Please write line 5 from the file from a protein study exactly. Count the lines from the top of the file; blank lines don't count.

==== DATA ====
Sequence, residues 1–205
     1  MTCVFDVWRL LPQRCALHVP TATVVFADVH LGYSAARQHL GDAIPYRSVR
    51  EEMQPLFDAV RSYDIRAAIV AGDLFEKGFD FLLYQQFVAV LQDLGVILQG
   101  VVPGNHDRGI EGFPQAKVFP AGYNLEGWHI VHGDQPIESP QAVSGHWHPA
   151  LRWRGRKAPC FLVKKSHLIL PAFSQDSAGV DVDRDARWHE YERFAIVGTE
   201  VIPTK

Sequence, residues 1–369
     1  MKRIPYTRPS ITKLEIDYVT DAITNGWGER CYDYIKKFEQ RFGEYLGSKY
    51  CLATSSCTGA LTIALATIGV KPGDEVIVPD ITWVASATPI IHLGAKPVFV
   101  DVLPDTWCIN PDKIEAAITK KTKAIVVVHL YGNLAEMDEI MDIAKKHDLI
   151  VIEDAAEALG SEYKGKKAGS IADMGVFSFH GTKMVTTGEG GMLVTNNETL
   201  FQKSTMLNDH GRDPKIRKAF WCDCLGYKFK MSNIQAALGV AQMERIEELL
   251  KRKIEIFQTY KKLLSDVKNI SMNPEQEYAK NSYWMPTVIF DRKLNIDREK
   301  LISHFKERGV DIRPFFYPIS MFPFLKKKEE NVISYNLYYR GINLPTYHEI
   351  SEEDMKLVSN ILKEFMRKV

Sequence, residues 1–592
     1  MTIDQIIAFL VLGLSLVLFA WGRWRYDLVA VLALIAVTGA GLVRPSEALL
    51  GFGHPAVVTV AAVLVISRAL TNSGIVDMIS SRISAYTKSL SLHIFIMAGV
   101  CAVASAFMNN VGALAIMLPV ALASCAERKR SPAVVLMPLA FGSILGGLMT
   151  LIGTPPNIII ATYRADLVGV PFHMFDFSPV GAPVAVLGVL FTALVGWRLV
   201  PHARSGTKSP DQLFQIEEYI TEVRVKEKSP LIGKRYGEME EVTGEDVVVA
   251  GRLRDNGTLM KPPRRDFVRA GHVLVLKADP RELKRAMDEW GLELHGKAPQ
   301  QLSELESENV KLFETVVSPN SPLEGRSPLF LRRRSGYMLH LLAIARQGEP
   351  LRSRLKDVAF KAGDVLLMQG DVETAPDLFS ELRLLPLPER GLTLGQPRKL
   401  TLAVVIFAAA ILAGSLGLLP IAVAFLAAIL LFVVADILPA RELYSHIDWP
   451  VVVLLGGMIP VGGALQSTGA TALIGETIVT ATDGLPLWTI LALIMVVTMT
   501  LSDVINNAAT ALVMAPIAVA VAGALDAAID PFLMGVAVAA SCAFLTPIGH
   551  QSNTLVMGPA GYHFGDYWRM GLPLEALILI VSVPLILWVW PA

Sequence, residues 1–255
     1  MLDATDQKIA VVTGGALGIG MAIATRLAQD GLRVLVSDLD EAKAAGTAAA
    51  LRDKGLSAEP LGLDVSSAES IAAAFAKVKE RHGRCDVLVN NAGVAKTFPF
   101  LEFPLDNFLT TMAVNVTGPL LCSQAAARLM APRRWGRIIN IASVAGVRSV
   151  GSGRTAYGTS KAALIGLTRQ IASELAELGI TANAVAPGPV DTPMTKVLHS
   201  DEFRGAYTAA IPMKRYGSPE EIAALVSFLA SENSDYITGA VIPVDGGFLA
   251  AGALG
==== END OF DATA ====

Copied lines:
   151  LRWRGRKAPC FLVKKSHLIL PAFSQDSAGV DVDRDARWHE YERFAIVGTE